Hmmm… Tell me more about “creating inherent actions…in an automated fashion.” Google, I think, is trying to move towards this on a media mix front, and GA has long had automated “intelligence”…but those aren’t “actions” so much as “oddities that you might want to know about.”

          Can you give me an example of an action that would be automatically recommended (without an analyst involved)? I’m just trying to think that through.

          “Manageable chunks” is definitely key (as long as that’s not: “This spreadsheet has 25 tabs…each one is a manageable chunk of information.”). The analyst’s passion for breadth and depth of data is seldom matched by their stakeholders.

  • julian barnes

    My initial thoughts are this, I’d mostly detach the “analyst” from the dashboard, they need to be aware of business drivers and available to answer questions if something has changed that can’t be explained by the business but leave the (most likely well paid) “analyst” to analyse, get deep into the data and answer those business questions which a KPI dashboard hardly asks but the business wants to know.

    That deeper, richer analysis then has recommendations or insight.

    Someone who produces a report is not necessarily an analyst and a good analyst that is producing reports wishes he wasn’t.

    Completely agree on a lot of what you say though, having seen it first hand

    • http://tim.webanalyticsdemystified.com/ Tim Wilson

      Yup. I agree. I feel like my next post may need to be “why I avoid the word ‘report!’”

      “The business user asked a question, to which the analyst is providing a ‘report’ that answers it.” That’s analysis — digging in, answering the point-in-time question, and, hopefully, providing insight that can lead to action.

      “The business user wants to see the monthly report on how the web site is performing.” THAT, in my mind, totally falls under this post — expecting the analyst to find actionable nuggets by trying to figure out which data fluctuations matter and where the business actually cares about performance — is pretty inefficient.

      Many times, a “richer analysis” may have a deeper insight — explain the *root cause* of something bad that is happening. But, I don’t think it can always have a 100%-from-the-analyst recommendation. “I’ve figured out that visitors are steadily gravitating to the lower margin products” may be valuable. I’m wayyy more comfortable facilitating and contributing to a discussion as to how that might be rectified rather than just rattling off a recommendation — quite possibly external factors at play that the marcom, product marketer, or product manager may be aware of off the top of their heads that needs to be factored into any recommendation.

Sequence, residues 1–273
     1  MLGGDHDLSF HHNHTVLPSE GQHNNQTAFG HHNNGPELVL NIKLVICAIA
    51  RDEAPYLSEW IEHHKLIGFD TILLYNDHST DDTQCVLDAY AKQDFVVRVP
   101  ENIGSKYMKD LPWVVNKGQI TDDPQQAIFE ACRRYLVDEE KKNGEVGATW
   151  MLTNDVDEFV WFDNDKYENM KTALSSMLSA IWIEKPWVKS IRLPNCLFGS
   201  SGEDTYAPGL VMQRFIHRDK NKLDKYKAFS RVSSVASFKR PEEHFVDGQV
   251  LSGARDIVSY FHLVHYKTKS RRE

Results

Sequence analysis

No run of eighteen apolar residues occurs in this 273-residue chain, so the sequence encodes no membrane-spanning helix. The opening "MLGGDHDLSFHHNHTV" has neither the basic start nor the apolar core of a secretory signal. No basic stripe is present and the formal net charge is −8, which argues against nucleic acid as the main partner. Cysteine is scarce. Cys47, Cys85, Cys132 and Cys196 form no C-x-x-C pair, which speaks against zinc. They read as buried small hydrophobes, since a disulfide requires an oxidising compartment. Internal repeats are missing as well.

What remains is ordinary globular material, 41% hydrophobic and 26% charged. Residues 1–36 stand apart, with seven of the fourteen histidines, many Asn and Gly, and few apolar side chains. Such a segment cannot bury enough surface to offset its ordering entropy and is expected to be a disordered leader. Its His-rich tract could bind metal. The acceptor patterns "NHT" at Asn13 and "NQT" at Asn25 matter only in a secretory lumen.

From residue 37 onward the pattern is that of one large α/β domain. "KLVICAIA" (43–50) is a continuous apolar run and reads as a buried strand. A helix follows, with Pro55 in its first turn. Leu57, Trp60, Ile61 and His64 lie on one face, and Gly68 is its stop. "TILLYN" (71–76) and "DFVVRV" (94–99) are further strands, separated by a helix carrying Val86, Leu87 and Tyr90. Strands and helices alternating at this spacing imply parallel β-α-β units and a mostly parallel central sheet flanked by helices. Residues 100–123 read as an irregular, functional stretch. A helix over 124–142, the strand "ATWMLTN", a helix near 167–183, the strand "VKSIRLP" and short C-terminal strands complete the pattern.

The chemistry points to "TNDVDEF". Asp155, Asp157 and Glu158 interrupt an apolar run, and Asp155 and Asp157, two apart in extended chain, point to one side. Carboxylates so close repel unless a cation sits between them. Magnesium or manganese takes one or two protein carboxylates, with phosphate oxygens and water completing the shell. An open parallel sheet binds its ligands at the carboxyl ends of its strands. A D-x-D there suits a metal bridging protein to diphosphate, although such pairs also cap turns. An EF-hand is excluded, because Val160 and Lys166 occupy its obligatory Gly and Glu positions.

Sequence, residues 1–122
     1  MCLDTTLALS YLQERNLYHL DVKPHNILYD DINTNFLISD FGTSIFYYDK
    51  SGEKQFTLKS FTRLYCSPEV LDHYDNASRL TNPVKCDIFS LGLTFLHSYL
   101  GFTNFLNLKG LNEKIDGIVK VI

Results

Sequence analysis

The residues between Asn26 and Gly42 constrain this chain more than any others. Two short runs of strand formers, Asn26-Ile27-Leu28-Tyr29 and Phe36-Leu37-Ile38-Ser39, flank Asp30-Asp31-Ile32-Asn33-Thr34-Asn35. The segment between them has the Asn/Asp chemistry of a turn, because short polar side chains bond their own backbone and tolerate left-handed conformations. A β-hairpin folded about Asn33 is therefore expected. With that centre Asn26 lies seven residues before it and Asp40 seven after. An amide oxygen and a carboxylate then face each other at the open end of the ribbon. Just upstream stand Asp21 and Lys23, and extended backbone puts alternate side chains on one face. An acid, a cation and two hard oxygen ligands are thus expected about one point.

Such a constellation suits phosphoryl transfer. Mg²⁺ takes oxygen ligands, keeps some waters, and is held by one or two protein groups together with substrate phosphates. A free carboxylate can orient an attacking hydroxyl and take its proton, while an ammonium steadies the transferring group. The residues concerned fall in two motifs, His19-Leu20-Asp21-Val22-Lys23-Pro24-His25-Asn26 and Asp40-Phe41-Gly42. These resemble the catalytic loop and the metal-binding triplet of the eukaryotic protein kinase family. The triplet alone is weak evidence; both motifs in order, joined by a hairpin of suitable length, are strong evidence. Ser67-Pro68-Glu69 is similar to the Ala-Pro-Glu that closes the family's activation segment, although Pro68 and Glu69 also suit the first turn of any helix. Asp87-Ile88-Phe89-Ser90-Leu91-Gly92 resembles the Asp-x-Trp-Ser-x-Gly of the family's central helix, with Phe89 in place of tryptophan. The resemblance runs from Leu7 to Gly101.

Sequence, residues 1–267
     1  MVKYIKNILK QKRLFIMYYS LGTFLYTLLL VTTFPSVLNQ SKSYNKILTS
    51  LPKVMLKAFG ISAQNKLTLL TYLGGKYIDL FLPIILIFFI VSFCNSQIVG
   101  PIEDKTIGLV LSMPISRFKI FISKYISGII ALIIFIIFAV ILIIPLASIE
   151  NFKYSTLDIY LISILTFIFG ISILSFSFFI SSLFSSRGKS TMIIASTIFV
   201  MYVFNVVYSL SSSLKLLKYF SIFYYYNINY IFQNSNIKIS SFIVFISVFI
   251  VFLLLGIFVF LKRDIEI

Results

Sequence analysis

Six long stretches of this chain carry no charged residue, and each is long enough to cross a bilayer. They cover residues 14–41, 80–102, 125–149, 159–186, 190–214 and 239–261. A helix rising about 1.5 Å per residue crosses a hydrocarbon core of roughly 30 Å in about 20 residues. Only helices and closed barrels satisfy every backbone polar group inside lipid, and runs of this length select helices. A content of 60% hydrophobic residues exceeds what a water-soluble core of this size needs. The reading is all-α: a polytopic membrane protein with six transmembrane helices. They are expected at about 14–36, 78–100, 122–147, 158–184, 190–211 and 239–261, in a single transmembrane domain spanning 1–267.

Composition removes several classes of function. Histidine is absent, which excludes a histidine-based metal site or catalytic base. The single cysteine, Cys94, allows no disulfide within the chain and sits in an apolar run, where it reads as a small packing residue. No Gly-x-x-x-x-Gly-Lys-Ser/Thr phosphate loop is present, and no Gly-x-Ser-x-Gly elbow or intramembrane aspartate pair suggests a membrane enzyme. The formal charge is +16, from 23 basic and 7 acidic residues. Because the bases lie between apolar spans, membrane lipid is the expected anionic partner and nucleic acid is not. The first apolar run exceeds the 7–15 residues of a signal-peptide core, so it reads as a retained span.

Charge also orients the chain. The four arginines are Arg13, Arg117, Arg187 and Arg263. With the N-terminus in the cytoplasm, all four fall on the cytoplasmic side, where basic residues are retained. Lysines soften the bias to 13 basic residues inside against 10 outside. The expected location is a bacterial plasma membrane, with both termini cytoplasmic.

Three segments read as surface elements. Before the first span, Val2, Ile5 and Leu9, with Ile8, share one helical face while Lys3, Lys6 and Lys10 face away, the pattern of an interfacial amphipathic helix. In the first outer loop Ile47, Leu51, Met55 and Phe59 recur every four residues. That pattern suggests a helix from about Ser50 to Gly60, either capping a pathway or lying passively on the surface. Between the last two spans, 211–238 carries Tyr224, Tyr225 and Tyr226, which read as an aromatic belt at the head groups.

• Sergio Maldonado

    Very good post, Tim. It crowns you as one of the few bloggers in this industry who is actually trying to make analytics useful, and not just something people do for a living.

    As you know, I preach Digital Insight Management (i.e. making analytics useful is what I tell my wife I do for a living :) ). This basically means two things: a) I automate dashboards with an obsession for actionability; and b) I provide a framework for “Analysis Results” to be delivered or for hypotheses to be acted upon and tracked.

    Now, Can this two coexist? I believe Yes. Dashboards should indeed be automated and cannot wait for insights or recommendations. But they can very well become the starting point for a conversation (as opposed to an exchange of emails followed by a few meetings). And this could happen in both directions: the Analyst decides after a while that some of the results called for an explanation/recommendation or the business user decides to provide some context and requests some insights.

    All in all a great discussion, anyhow.

    • http://tim.webanalyticsdemystified.com/ Tim Wilson

      Thanks, Sergio!

      Scenario that I’m cool with:
      1. Dashboard automatically delivered (still as a “push” rather than just passively waiting for the marketer to log in and view it) — to the business and to the analyst.

      2. The analyst looks at it and sees a couple of anomalies. She knows the business well enough to know that both anomalies might really be troubling.

      3. She spends 10 minutes digging in to: 1) confirm there isn’t a data issue, and 2) see if there is a quickly available explanation. Let’s say she confirms the first and doesn’t find that explanation.

      4. She pings the business (specific communication channel varies): “Hey… did you see these results? Any idea what might be causing them? I assume we want to get to the bottom of it.”

      5. Collaboratively, they develop and prioritize some hypotheses — doesn’t take more than 5 minutes because they are well aligned and have a good working relationship. The analyst is sure to confirm, with each one, that they’d be actually able to *do* something if each hypothesis is confirmed.

      6. The analyst returns to her office and starts analyzing. She doesn’t wait to compile a detailed report with the results of every hypothesis. She gets what can be done fairly quickly and then pushes out the results to the marketer. The marketer weighs in — some of that analysis actually triggers some additional hypotheses.

      7. The marketer starts to act as each conclusive result comes in.

      It’s fluid and collaborative…and the dashboard is just one potential jumping off point for that collaboration.

      • julian barnes

        Collaboration here is the key between the relevant parties, something that technology can only help facilitate but never substitute…..internal stakeholder relationships, mutual respect for ones opinions; if the relationships are strong enough then the desired end result which is beneficial for the business will work itself out.

        @disqus_ECvuRMSGnH:disqus: Hi hope your well, small world :)